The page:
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Expect the Enema Bag Sculptures: Rachel Whiteread at the National Gallery of Art

December 31, 2018

This exhibit is not what it seems
I’m told that art is supposed to provoke a reaction. My first reaction to Rachel Whiteread’s exhibit at the National Gallery of Art was surprise. As I walked from room to room, amusement followed. Soon, amusement was leading me, or more like pulling me, into each new part of the exhibit.

I don’t think amusement was what Whiteread or the curators at the National Gallery of Art were going for. Clearly, I am not their target audience. If there had been a pre-test to determine my worthiness to view this exhibit, I would have failed it.

This is what happens when museums are free. No-cost museums mean simply anyone can walk in, lured by what appears to be a photograph of a not-yet-hung door in a Caribbean home, and opinionate about the difference between what they expected after not reading about the exhibit ahead of time and what the exhibit actually contained.

I sincerely apologize to the art-loving community for my complete and utter lack of refinement. Usually, in situations where I just don’t seem to be “getting” the art or the lecture, or I don’t understand the “transitional elements in the Mark Rothko-esque moth-loves-lamp meme,” I lurk near other people. I listen to the appreciative, knowing things they say, and I try to learn something.

Eavesdropping for knowledge was not possible at the National Gallery of Art on the day I saw the Whiteread exhibit. It was a Wednesday morning right after the museum opened. The only ones to talk with were the guards. This being me, I talk with guards all the time, or at least I give them the wide-eye about odd human behavior going on in an exhibit. But it didn’t seem right to chat with the guards about this exhibit. The only questions I could come up with were leading ones, and I would have been fighting a chuckle or a snort. The wide-eye would have been about me, and the guards would have been giving it to each other.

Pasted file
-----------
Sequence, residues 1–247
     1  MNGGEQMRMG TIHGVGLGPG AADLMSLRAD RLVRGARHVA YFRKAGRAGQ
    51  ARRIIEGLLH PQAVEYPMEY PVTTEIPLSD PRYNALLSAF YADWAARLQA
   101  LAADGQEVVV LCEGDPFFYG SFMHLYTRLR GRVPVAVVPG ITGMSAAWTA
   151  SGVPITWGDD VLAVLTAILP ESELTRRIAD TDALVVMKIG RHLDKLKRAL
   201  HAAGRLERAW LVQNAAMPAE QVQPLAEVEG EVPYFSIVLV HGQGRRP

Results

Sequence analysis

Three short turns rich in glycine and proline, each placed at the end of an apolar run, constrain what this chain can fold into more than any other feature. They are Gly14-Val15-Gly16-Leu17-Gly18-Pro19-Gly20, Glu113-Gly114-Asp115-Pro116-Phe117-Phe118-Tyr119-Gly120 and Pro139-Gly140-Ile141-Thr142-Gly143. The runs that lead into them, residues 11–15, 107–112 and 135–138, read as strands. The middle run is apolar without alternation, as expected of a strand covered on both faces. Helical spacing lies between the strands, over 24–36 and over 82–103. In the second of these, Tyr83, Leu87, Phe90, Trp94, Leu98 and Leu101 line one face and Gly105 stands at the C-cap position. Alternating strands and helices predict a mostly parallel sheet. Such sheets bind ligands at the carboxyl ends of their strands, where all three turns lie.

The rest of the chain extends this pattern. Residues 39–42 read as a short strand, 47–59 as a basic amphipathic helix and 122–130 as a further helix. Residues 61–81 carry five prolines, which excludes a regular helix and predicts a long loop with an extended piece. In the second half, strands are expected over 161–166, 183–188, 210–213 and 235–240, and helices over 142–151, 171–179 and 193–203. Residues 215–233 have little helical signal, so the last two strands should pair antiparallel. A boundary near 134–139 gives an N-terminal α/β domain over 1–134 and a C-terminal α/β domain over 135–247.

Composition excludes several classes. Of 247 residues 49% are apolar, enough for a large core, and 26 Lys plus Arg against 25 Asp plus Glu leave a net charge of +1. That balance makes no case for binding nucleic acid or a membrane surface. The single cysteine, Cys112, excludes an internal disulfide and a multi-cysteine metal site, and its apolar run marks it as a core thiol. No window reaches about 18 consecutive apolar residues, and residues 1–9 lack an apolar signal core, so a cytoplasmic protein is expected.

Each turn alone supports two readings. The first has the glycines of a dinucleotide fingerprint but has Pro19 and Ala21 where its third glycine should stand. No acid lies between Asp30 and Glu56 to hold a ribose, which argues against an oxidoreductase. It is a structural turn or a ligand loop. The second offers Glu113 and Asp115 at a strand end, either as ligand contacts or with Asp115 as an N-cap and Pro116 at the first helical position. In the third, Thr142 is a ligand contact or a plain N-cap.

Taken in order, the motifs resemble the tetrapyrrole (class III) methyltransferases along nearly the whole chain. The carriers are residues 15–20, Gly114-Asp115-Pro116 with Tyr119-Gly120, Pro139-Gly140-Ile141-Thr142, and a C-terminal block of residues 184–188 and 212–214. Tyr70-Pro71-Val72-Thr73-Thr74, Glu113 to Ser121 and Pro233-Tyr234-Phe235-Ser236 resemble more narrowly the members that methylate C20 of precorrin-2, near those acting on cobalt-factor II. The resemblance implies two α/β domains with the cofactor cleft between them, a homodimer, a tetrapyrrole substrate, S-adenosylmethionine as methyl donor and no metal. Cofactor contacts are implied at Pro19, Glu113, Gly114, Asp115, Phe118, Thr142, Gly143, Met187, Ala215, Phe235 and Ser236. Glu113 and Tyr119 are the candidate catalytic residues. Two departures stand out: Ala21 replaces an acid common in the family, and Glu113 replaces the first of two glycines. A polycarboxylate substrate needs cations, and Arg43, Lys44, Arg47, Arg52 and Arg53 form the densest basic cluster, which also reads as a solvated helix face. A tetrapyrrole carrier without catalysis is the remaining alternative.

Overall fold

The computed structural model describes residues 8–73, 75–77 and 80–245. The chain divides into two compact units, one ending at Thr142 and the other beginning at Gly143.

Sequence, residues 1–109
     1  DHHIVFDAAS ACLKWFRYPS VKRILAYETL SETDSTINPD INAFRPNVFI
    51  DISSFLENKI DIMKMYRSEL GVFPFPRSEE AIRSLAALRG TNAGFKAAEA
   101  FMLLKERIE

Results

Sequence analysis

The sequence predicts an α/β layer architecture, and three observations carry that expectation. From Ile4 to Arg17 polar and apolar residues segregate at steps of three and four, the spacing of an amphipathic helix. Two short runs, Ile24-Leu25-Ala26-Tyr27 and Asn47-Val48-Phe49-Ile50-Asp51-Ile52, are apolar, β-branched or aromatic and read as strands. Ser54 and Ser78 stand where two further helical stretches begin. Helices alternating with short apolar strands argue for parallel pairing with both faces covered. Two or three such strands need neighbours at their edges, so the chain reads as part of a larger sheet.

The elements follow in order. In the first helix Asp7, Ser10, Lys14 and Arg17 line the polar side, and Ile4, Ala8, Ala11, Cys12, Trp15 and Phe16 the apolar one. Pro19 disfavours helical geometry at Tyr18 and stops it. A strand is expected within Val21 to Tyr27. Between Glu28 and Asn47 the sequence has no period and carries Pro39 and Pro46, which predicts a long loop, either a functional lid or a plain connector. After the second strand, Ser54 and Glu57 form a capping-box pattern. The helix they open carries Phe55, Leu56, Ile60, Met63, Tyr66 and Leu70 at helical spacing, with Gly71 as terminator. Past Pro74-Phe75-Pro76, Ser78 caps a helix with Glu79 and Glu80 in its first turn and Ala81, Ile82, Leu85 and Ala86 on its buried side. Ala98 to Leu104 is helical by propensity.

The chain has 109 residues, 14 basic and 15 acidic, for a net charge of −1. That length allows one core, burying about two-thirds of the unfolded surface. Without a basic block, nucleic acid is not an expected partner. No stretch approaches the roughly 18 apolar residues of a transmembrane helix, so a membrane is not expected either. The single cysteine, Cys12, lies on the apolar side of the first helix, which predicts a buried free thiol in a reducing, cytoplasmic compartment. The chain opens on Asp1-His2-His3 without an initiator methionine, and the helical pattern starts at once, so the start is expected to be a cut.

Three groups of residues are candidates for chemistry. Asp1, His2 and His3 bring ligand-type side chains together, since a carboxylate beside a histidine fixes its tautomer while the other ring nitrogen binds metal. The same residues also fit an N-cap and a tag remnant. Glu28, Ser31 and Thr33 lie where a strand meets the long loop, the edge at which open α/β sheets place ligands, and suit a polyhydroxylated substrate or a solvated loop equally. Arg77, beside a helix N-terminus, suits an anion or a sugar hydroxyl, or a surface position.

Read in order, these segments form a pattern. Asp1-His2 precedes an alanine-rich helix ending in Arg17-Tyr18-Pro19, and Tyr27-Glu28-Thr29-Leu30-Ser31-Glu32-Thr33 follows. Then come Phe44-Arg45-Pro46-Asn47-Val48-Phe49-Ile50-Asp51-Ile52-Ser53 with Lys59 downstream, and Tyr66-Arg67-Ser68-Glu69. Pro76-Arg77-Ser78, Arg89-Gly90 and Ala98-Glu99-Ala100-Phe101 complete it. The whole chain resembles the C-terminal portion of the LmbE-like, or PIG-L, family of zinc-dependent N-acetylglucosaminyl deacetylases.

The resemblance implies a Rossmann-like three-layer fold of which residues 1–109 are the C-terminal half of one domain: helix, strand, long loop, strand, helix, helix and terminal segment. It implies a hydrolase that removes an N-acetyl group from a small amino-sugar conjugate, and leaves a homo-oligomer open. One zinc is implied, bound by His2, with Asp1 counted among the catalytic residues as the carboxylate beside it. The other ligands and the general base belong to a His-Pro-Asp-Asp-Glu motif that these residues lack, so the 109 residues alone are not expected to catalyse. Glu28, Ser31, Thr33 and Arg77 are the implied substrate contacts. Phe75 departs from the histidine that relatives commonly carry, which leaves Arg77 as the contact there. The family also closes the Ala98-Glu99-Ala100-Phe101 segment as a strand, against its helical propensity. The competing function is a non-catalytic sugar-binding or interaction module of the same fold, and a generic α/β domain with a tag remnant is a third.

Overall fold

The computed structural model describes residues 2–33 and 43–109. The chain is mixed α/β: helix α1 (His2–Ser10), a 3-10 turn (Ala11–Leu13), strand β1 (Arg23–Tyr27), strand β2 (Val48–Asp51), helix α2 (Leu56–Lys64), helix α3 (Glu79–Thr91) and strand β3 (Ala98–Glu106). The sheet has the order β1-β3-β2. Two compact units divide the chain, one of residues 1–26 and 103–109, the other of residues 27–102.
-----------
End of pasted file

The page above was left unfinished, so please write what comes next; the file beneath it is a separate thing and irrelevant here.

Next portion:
Instead of chatting, I spent an inordinate amount of exhibit time taking pictures and contemplating the difference between what I guessed certain pieces should taste like and what they would most likely actually taste like. The tasting-thoughts portion of the exhibit did not begin until after I was beyond the enema bag sculptures. Thank the Maker.

Just because I don’t get Whiteread’s art doesn’t mean people who can’t visit don’t want to see it. I can only hope enough good comes of my posting these pictures (despite the internal dialogue I offer below) that all the negative karma I’m accumulating on this page is somehow abated.

If that’s not how karma works, I’m in big trouble. Regardless…

Untitled Domestic, 2002, Rachel Whiteread

Untitled Domestic, 2002, Rachel Whiteread

This exhibit is for me!

Untitled Torsos, 1992-1999, Rachel Whiteread

Untitled Torsos, 1992-1999, Rachel Whiteread

Oh. Oh, what? Oh, my. I did not know there were so many types of enema bags.

Untitled Twenty-Five Spaces, 1995, Rachel Whiteread 2

Untitled Twenty-Five Spaces, 1995, Rachel Whiteread 2

These jellies do not wiggle.

Various Pieces, Rachel Whiteread

Various Pieces, Rachel Whiteread

This furniture store is very disappointing.

Untitled Library, 1999, Rachel Whiteread

Untitled Library, 1999, Rachel Whiteread

Is it still a library if no one can read the books?

Untitled Yellow Bath, 1996, Rachel Whiteread

Untitled Yellow Bath, 1996, Rachel Whiteread

I do not want a bath in the yellow bath.

Untitled White Slab, 1994 and 2017, Rachel Whiteread

Untitled White Slab, 1994 and 2017, Rachel Whiteread

Tongue depressor for a whale.

Flap, 1989, Rachel Whiteread

Flap, 1989, Rachel Whiteread

Huh.

Untitled Amber Mattress, 1992, Rachel Whiteread

Untitled Amber Mattress, 1992, Rachel Whiteread

[…]

Untitled Bath, 1990, Rachel Whiteread

Untitled Bath, 1990, Rachel Whiteread

I found one of the sinks Victor the Cleaner used.

Art is everywhere.

Study, 2005, Rachel Whiteread

Study, 2005, Rachel Whiteread

On Craigslist, I once gave away a desk like this for free.

Doorway 1, 2010, Rachel Whiteread

Doorway 1, 2010, Rachel Whiteread

Damn you, beautiful door of lies.

Night Glass, 2011, Rachel Whiteread

Night Glass, 2011, Rachel Whiteread

The buttons on this Nintendo controller do not work.

Untitled Hive II, 2007 and 2008, Rachel Whiteread

Untitled Hive II, 2007 and 2008, Rachel Whiteread

This jelly house would taste like the screams of dying insects.

Untitled, 2011, Rachel Whiteread

Untitled, 2011, Rachel Whiteread

WAIT I LIKE THIS ONE I AM SO CONFUSED.

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